Moody’s Debuts an Expanded Backroom with Crudo and More
The second dining room and bar nearly triple the size of the Waltham restaurant.
A drawback to having a successful restaurant is that sometimes, you have more interested guests than you have available tables. That’s been the case at the 40-seat Moody’s Backroom, where chef and owner Joshua Smith has often had to decline reservations because they just simply lacked the space.
But that ends tonight. A 70-seat expansion is ready for primetime, and along with it, the Backroom will roll out an expanded menu with more entrées, flatbreads, and an entire new offering: Crudo.
“We built out the space to accomodate what we felt we were lacking,” Smith says. More seating and raw seafood is where it starts, but the expansion will also enable the Backroom to host private events.
A gigantic, farmhouse-style sliding door will stay open between the Backroom and the new dining room during regular service, like tonight, but it can also be closed. Cocktail-style receptions in the new room can accomodate up to 100 people, and the space has its own bar.
Ten seats surround the new bar, which is also where the crudo comes from. Food safety concerns prevented Moody’s Backroom from handling raw seafood in the past, but they’re alleviated with the added space, Smith says. Expect a selection of oysters on the half shell for $3 apiece—Island Creek and Pearly Whites are among a half-dozen options to start. There are four new composed seafood dishes, including Nantucket Bay scallop with jalapeno and caracara orange; and hamachi tiradito with avocado, ginger, and yuzu tobiko.
The New England Charcuterie master is also doing seafood charcuterie, like smoked bluefish pâté with crème fraîche and pickled onion; and a salmon belly BLT with confit tomato on herb toast.
But with nearly triple the possible number of guests per night, the Backroom is just generally able to serve more food, Smith adds. Fried and rotisserie chicken dishes, meatloaf, different cuts of Wagyu steaks, wood-fired flatbreads, fresh pastas, and more specials will rotate in more frequently. Guests will see a larger menu starting tonight.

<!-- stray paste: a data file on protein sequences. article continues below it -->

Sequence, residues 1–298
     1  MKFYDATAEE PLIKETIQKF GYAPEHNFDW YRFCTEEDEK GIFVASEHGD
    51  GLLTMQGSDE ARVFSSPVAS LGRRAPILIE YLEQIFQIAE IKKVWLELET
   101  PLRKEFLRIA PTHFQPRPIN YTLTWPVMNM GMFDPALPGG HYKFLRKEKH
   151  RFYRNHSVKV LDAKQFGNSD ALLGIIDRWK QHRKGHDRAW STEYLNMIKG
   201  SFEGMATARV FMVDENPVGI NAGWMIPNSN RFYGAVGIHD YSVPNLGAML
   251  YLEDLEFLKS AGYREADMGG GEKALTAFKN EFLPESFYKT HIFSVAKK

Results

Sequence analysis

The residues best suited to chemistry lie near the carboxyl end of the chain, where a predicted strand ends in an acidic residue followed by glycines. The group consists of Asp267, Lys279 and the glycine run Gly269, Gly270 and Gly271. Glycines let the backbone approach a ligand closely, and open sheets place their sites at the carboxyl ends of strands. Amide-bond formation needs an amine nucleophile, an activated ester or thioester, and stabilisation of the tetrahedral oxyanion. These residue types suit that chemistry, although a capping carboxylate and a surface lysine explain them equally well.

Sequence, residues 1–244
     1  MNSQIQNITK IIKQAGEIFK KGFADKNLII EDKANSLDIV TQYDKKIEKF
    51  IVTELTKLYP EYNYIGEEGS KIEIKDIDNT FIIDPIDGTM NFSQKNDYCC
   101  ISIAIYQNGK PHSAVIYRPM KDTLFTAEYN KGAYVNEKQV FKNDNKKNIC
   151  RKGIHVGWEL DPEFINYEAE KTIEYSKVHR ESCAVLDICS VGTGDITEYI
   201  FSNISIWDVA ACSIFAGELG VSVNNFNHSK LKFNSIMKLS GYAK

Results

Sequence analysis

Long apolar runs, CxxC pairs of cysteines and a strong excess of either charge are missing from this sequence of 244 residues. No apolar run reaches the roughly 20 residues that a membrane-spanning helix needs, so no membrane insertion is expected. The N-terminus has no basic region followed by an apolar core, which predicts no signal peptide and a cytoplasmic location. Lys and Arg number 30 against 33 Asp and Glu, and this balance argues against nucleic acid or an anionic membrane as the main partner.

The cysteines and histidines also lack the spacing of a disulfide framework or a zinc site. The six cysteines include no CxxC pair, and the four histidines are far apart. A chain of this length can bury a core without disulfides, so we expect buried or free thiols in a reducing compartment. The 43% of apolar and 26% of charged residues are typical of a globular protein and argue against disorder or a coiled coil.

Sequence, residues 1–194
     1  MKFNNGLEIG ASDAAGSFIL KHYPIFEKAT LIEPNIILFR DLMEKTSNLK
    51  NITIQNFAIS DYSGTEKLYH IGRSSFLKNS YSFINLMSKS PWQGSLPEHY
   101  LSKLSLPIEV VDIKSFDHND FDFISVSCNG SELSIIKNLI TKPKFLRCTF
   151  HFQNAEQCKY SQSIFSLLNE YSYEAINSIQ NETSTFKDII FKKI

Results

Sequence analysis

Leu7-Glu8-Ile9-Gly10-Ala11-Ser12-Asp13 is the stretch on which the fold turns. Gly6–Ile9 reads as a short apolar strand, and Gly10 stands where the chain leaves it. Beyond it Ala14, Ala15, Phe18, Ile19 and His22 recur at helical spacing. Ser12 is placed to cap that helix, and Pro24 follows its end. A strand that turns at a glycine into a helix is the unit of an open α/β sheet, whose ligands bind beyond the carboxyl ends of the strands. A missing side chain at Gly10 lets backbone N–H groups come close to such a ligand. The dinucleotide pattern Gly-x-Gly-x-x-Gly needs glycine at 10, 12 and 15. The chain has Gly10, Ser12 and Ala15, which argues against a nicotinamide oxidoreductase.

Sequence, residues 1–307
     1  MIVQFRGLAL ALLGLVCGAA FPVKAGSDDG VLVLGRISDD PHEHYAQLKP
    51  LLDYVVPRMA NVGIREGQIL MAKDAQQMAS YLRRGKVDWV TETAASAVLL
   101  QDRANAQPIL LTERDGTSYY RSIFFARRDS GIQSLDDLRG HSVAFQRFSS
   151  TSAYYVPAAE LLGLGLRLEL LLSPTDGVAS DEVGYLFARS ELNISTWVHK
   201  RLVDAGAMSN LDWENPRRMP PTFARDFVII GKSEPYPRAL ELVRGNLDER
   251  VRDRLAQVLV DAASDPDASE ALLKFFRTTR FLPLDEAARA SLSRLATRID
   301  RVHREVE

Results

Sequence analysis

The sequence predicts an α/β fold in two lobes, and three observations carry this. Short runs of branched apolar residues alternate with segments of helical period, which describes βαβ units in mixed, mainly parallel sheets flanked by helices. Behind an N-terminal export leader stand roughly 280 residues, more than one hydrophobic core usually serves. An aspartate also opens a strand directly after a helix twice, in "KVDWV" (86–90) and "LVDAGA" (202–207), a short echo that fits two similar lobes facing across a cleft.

The new space, formerly Indian restaurant Santa Banta, has custom metalwork by Mike Ireland, who did the metalwork in the original Backroom. Mystic Millwork of Norwood built the vintage-looking door and other rustic wood elements, and also laid the limestone wall around the new space. The Backroom’s soft brown leather banquettes continue, with a new, 16-seat “big boss” bench which can feel like “bottle service in a Las Vegas club,” Smith says.
“When it’s all open, it’s amazing how it blends together, instead of [feeling like] two distinct spaces,” Smith continues. “We’re in hospitality. It always hurts to hear people frustrated that they can’t get [a reservation]. We’re excited to start putting people in there.”
To inaugurate the new room, the Backroom hosts chef Marcus Ware for a kitchen takeover on Wednesday, Feb. 21. The dinner is sold out, but additional Chef Takeover series dates are on the books during the first week of March with renowned chefs Justin Brunson, and John Tesar; and later in the month with Jonathan Benno, and Aaron Brooks. The Backroom menu will be available, but so will a four-course prix-fixe by the visiting chef and his team. Reservations are available on Eventbrite.
Moody’s Deli, which has a new location in Back Bay as of December, is also opening a New England-style deli in Napa, Calif. And Smith’s local moves continue, too: A Moody’s taqueria is headed for an adjacent, separate storefront in Waltham. Construction continues, and Smith estimates it’s about five weeks out.
But for now, he just can’t wait to welcome more people to the expanded, revamped Backroom. It’s open Tuesday-Sunday at 5 p.m.
468 Moody St., Waltham, 781-216-8732, moodyswaltham.com.